Goto Udon in Dried Shiitake Mushroom Soup

Ingredients (For two servings)

  • Goto Udon Noodles; 200 g (7 oz.)
  • Dried Mushrooms
    shiitake mushrooms: 1 pack
    maitake mushrooms: 1 pack
  • minced garlic: 1 clove
  • kombu: 2 sheets, 3 cm (1. 2 inches) long
  • dried bonito flakes: 8 tablespoons
  • sake (rice wine): 2 tablespoons
  • [A] soy sauce: 1 tablespoon
    salt: 1/2 teaspoon
  • olive oil: 1 tablespoon
  • salt, pepper: if desired
  • water: 2 cups


  1. Put olive oil and garlic in a frying pan, place on low heat.
    When the garlic becomes aromatic, add dried mushrooms
  2. Add the kombu and dried bonito flakes in the frying pan above, stir a few times, then add sake and water and turn the heat up to high.
    When it boils, turn the heat back down to low, and season with [A].
  3. Boil udon noodles to a slightly firm texture
    (shorter time than indicated on the package); drain.
  4. Add the udon noodles to the frying pan, and stir.
    Add salt, pepper when serving, if desired.

Dried Mushrooms ingredients
(Easy-to-make portion)

  • shiitake mushrooms: 1 pack
  • maitake mushrooms: 1 pack


  1. Remove stems or the hardened stalks from the mushrooms;
    cut into thin slices
  2. Spread on a sieve or a flat surface covered with paper towels and sun-dry for 1 to 2 days, until the mushrooms are very crisp.
    Can be dried to your preferred crispiness.

Goto Udon in Pesto Sauce with Green Vegetables and Cashew Nuts (Appetizer)

  • Serves: 2-3
  • Cooking time: 15 minutes
  • Heating time: 15 minutes

Goto Udon Noodles
“Vagues de Perles”: 100 g (3.5 oz.)

  • string beans: 150 g (5.25 oz.)
  • broad beans: 400 g (14 oz.)
  • cashew nuts: 20 to 25 pieces
  • chives: 1 bunch
  • olive oil: 1 tablespoon
  • powdered chili

Pesto Sauce

  • zucchini: 2 small zucchini,
    or 150g (5.25 oz.)
  • basil leaves: 12
  • cashew nuts: 12 pieces
  • garlic: 1 clove, peeled
  • olive oil: 2 tablespoons
  • salt, pepper

Goto Udon in Pesto Sauce with Green Vegetables and Cashew Nuts


  1. Make the pesto sauce. Wash zucchinis and basil leaves. Chop the zucchinis; using a food processor or blender, add the clove of garlic, cashew nuts, basil leaves and olive oil to the zucchinis and puree. Season lightly with salt and pepper, and add 2-3 tablespoons of water if necessary to get the right fluidity as a sauce.
  2. Remove the strings from string beans, cook in salted boiling water for 5 to 7 minutes. Drain, and cool under running water.
  3. Take out the pods of broad beans, and peel the skin. If the pods are small they can be used without cooking, but for normal or larger sized pods, boil for about 1 minute.
  4. Put udon noodles in a boiling pot of water. When it boils again, leave it boiling for 4 minutes. Drain, and let it cool under running water.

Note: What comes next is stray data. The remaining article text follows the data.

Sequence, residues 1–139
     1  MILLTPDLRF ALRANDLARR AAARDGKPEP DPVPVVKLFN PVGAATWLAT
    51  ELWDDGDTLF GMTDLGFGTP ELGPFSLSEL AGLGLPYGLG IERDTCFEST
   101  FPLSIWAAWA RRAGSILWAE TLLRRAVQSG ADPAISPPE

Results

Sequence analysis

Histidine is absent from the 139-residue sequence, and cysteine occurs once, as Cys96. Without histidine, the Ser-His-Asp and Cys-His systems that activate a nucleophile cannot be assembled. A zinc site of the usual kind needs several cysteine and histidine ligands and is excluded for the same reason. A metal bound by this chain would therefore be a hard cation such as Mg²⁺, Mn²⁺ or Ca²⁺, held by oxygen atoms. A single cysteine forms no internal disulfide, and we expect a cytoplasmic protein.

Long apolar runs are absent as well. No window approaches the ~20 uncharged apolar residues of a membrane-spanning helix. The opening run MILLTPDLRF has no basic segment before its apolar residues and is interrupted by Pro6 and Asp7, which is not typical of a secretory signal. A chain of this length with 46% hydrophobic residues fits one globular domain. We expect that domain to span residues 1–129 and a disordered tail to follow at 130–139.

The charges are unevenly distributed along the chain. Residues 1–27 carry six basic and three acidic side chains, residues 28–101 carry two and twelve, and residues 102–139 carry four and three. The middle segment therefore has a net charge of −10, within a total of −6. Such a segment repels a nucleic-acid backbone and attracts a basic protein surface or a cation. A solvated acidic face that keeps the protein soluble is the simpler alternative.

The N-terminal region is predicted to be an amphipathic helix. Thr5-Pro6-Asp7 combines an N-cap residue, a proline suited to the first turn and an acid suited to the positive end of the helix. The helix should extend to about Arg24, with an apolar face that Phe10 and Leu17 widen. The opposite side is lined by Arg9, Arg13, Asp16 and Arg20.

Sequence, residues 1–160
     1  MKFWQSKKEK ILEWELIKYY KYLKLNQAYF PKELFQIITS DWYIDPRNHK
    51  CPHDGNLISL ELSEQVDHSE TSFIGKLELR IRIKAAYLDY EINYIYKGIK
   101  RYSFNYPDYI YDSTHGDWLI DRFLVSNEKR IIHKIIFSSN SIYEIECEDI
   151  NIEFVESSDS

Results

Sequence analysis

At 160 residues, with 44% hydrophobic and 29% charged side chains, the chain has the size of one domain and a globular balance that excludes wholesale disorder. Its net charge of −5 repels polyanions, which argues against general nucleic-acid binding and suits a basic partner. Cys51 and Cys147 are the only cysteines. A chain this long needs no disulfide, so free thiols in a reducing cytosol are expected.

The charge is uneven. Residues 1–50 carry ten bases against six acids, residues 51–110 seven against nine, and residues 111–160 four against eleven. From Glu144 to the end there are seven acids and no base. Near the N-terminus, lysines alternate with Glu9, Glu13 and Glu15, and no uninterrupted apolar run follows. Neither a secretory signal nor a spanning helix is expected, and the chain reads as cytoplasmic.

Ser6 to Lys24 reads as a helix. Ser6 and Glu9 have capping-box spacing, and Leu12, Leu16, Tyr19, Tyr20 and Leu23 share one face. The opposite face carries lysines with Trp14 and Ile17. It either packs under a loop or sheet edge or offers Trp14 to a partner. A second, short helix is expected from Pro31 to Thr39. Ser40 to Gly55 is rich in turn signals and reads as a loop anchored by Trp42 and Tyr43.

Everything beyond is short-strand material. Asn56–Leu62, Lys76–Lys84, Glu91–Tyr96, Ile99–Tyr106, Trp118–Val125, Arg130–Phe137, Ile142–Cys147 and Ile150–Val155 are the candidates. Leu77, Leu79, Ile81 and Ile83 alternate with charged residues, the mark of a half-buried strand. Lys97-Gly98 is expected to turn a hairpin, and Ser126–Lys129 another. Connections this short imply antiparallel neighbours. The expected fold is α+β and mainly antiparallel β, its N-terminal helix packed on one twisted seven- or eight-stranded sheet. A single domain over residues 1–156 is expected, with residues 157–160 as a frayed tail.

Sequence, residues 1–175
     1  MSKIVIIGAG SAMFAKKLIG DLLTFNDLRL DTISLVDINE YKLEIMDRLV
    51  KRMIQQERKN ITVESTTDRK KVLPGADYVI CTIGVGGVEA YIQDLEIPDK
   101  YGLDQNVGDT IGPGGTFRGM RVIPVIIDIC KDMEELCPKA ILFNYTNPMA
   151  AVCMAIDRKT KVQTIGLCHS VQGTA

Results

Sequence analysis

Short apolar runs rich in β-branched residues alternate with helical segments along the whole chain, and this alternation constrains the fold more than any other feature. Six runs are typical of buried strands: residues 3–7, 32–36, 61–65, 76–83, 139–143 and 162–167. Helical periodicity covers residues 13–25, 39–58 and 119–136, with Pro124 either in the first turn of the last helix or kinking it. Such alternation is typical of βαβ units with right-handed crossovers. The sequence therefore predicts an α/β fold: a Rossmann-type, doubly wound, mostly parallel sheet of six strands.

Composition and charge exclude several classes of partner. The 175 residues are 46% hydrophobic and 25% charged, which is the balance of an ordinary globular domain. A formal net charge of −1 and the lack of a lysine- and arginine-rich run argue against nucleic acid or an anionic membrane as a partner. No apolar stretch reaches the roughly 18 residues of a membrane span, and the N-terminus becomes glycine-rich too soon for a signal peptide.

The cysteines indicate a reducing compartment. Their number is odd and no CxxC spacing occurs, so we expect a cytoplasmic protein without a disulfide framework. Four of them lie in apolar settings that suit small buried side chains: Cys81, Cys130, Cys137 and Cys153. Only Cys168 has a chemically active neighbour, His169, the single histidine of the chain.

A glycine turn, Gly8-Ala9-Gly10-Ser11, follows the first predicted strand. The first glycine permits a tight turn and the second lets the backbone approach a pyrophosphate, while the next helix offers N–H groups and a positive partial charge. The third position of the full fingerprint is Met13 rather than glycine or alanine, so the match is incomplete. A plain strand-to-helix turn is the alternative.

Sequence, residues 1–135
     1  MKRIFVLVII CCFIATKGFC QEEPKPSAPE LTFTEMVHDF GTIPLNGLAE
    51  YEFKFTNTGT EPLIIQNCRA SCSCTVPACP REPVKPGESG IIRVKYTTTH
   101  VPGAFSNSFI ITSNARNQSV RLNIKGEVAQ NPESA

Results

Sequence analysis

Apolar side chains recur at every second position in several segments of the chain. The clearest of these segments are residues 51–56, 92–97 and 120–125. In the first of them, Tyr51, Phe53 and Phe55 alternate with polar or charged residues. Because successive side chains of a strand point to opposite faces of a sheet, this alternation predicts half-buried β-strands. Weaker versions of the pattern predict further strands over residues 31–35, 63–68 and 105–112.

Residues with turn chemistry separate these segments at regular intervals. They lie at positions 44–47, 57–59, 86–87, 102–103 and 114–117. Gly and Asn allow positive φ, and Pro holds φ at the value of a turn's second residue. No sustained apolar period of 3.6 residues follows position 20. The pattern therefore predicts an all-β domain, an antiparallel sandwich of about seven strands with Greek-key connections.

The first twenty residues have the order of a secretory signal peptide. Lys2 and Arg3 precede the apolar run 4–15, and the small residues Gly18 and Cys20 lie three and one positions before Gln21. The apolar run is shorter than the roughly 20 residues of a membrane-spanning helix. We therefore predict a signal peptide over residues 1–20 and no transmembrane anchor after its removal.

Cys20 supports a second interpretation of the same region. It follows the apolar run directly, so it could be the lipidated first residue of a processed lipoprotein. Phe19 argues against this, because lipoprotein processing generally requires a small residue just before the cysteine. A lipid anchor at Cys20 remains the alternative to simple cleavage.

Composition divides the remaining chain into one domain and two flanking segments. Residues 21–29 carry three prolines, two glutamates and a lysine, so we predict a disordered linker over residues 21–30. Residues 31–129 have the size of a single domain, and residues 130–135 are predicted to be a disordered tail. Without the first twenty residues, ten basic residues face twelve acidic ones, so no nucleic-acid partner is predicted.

5. Heat olive oil in a frying pan, and lightly fry cashew nuts. Add the udon noodles and the pesto sauce, sauté well in low heat to warm and to have the sauce cling to the noodles. Add the string beans and broad beans, serve onto plates, sprinkle on chopped chives and a dash of ground chili.

How Goto Udon is Enjoyed in the Goto Islands

Surrounded by bountiful seas, fish simmered in broth is a dish enjoyed in many homes in the Goto Islands; some argue that the broth or soup is more important than the fish itself. Goto Udon is often added to the broth so as not to miss a single drop. Goto Udon was never about just the texture; its history is the history of savoring the broth (sauce).
Nowadays, a popular way of enjoying Goto Udon is “The Hell Pot:” The boiling pot in which Goto Udon noodles are cooked is brought directly to the table, still boiling over (hence the inferno reference). The noodles are served with a dipping sauce of soy-sauce-based ago flying fish dashi, and condiments. Some Goto Islanders stir in a raw egg to the sauce; if eggs which can be eaten raw are available, do give it a try - the natives swear that this is a great way to enjoy Goto Udon and the dashi-and-egg combination.

Fascinating Facts about Goto Udon Noodles [4] Occasions for Goto Udon Noodles

The smooth, light yet substantial texture of Goto Udon noodles is a result of superior craftsmanship by devoted producers, and is a gift from the traditional but modern Goto Islands. These lightweight noodles can be hearty meals, but also perfect when feeling peckish.

Goto Tenobe Udon Kyodo Kumiai
428-31 Arikawa-go, Shinkamigoto-cho,
Minamimatsuura-gun, Nagasaki-Pref., JAPAN